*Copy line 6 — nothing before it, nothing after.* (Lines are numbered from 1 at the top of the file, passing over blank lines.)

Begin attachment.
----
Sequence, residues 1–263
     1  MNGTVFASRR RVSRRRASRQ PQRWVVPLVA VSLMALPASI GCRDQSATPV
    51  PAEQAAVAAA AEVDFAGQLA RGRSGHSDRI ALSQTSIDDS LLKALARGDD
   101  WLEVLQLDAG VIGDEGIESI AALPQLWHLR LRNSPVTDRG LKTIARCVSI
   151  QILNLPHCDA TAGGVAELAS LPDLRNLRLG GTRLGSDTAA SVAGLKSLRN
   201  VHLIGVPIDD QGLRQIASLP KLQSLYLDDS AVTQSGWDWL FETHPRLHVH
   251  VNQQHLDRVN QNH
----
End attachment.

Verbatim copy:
   201  VHLIGVPIDD QGLRQIASLP KLQSLYLDDS AVTQSGWDWL FETHPRLHVH